Top 5 – Snapchat alternatives

Saqib Shah
September 12, 2014

As is usually the case with a successful app, Snapchat has spawned its fair share of imitators. What’s more intriguing, however, are the big names that are so blatantly plagiarising it. The main culprit here is Facebook, no doubt spurred on by the news that Snapchat is now the third most popular app among millenials (18-34 year olds). We trawled through the myriad ephemeral messaging clones you can find lurking in app stores to find you some of the better alternatives. Included here are Snapchat alternatives for iOS, Android and Windows Phone devices.

[alert type=alert-blue]Slingshot (iOS, Android)[/alert]

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Originally viewed as just another Snapchat doppelgänger from Facebook, Slingshot has quietly built a reputation as something altogether different. The free app has a ‘pay-to-play’ mechanic that doesn’t let you unlock your friends’ images and videos until you send them something back. A ‘send to all’ button also makes it easier to disseminate your visual content instantly to a larger group of people. Eventually, you’ll either be addicted to sending and receiving Slingshots or extremely fed up by it all.

[alert type=alert-blue]Phantom (iOS, Android)[/alert]

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This relatively new app launched in August. Phantom lets users post self-destructing photos and videos to a vast range of social networking sites and blogs, including Facebook, Twitter and Pinterest. Content uploaded to these sites via the Phantom app will have similar ephemeral functions to Snapchat, which include a time-limit and user-placed restrictions on the number of people who can view the posts.

Phantom is available on both iOS and Android and has a user interface that is very similar to Snapchat. Where it differs from the popular ephemeral messaging app is that Phantom lets you configure how long your content will exist, as well as determining how many users it can have before it expires permanently. Whereas on Snapchat you can send photos and videos with time-limits to a selected number of friends, Phantom’s integration with social networks means you can set a general time-limit for your posts – after which they will expire, no matter how many people have seen them.

As mentioned previously, Phantom’s other main difference to its major influence is that it works with a number of popular websites. These include Facebook, Twitter, Google+, WordPress and Blogger. Additionally, via a ‘More’ option, you can also share to Tumblr, Pinterest, Whatsapp, LINE, Telegram, Movable Type, iMessage/SMS or email. The final result will see recipients given a link along with a blurred preview. To open the image they will have to use the Phantom app.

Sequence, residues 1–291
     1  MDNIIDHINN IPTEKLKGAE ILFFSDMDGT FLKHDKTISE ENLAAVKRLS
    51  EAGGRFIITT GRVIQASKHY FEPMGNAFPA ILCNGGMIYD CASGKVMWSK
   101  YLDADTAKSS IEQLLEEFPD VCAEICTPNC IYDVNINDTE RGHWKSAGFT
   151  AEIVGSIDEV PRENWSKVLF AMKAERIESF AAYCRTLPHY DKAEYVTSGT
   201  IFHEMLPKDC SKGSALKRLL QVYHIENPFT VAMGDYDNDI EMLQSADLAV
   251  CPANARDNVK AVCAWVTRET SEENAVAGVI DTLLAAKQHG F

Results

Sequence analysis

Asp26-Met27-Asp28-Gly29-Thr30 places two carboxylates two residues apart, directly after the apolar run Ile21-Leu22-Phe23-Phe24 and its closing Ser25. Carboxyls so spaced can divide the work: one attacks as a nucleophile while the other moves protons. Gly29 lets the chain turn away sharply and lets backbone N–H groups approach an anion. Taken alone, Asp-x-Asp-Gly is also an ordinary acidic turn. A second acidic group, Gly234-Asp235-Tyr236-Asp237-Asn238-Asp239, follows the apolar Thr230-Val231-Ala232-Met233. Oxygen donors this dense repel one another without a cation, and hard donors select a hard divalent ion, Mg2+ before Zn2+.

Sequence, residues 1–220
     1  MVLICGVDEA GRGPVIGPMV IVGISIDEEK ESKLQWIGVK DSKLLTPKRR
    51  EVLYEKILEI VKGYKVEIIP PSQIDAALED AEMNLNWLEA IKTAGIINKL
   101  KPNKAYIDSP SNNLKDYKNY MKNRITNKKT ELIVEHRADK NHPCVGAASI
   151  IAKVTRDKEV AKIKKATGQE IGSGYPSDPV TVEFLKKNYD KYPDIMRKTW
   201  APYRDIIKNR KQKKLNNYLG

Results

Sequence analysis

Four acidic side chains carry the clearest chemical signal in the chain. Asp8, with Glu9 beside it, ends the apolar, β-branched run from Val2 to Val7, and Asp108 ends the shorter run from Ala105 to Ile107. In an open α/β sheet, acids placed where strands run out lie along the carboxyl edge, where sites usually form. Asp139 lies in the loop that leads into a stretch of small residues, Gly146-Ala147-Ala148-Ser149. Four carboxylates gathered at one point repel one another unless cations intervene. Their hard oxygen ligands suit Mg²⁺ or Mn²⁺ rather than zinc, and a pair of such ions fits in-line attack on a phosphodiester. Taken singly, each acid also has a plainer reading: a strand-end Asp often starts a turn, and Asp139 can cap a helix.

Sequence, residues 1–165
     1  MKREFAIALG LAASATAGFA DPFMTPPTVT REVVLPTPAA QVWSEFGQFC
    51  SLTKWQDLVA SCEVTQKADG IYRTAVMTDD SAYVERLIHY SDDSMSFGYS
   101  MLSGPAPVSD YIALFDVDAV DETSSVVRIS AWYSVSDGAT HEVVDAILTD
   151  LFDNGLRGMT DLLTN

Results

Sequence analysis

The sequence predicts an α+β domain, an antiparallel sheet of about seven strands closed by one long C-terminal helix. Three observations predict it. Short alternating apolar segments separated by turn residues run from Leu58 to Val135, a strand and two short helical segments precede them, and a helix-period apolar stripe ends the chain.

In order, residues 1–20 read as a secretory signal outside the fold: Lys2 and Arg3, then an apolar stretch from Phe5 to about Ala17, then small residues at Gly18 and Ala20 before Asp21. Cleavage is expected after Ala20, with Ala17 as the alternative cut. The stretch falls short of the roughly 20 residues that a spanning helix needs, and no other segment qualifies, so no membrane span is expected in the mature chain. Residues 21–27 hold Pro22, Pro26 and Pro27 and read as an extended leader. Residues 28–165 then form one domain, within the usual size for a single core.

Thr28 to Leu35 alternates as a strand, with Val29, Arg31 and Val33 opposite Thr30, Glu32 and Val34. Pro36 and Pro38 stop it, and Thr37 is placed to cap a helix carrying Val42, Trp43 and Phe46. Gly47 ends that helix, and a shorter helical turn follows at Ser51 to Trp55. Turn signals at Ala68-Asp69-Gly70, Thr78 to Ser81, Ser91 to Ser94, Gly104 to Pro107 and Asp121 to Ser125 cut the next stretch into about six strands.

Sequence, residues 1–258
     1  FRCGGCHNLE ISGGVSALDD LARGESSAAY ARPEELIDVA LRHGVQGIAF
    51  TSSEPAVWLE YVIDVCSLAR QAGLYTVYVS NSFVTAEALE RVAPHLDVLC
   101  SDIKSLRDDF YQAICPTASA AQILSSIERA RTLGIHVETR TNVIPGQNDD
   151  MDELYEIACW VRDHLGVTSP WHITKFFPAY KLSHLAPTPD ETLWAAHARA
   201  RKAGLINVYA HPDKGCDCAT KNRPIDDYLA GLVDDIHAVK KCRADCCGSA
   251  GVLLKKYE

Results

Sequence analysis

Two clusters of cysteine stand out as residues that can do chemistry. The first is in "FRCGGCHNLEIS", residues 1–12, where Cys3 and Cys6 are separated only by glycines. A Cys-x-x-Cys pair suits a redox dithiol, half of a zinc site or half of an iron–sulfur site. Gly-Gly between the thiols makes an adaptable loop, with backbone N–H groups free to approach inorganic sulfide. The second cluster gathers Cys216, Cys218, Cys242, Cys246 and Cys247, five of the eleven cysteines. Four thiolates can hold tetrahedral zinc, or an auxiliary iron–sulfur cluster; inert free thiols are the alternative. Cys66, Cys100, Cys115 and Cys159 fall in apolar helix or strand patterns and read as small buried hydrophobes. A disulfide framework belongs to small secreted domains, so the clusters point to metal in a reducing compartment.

[alert type=alert-blue]WindUp (Windows Phone)[/alert]


Microsoft’s take on ephemeral messaging for Windows Phone users, has the exact same functions as Snapchat did before its recent video chat update. You can send audio, text, pictures and videos and set a time limit on your content. You may wonder why Microsoft chose to rip off Snapchat in such a blatant manner. Mainly because it has received unprecedented demand from users eager to get Snapchat on Windows Phone devices.

[alert type=alert-blue]Instagram Bolt (iOS)[/alert]


Instagram quietly released Bolt in selected regions in July (it is still not available in the UK) as its own Snapchat alternative. The app is as reliably pretty as you would expect from the filter-obsessed photo-sharing service. Unlike Instagram, it relies on disappearing content. Users tap on a friend’s photo, then use the in-app camera functions to send a photo or video, which deletes itself after the set time limit. You could blame Instagram’s parent company Facebook for this additional Snapchat clone, but it does differ from that app in the fact that it only lets you share content with individual friends. It’s therefore more likely that Instagram, which still operates as an independent company under Facebook (much like WhatsApp), came up with the idea itself in order to diversify its offering. Recently, the service has been overshadowed by Instagram’s new Hyperlapse app that lets you create time lapse videos.

[alert type=alert-blue]6snap Beta (Windows Phone)[/alert]

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As mentioned above, Windows Phone has its own Snapchat clone in the form of WindUp. However, if you’re after an even closer duplicate, then look no further than this third-party Snapchat client. In the wake of Snapchat’s major update earlier this year, which introduced text and video chat functions to the app, 6snap followed suit with this beta with similar fetters tacked on. Ultimately, Windows Phone users that download the beta can now start an instant messaging conversation with a contact and integrate temporary images and videos in to it. Additionally, 6snap already offers all the regular functions of Snapchat too. Therefore, it’s the ideal choice for Windows Phone users seeking an exact replicant of the popular service.

About the Author

Saqib Shah

Tech/gaming journalist for What Mobile magazine and website. Interests include film, digital media and foreign affairs.

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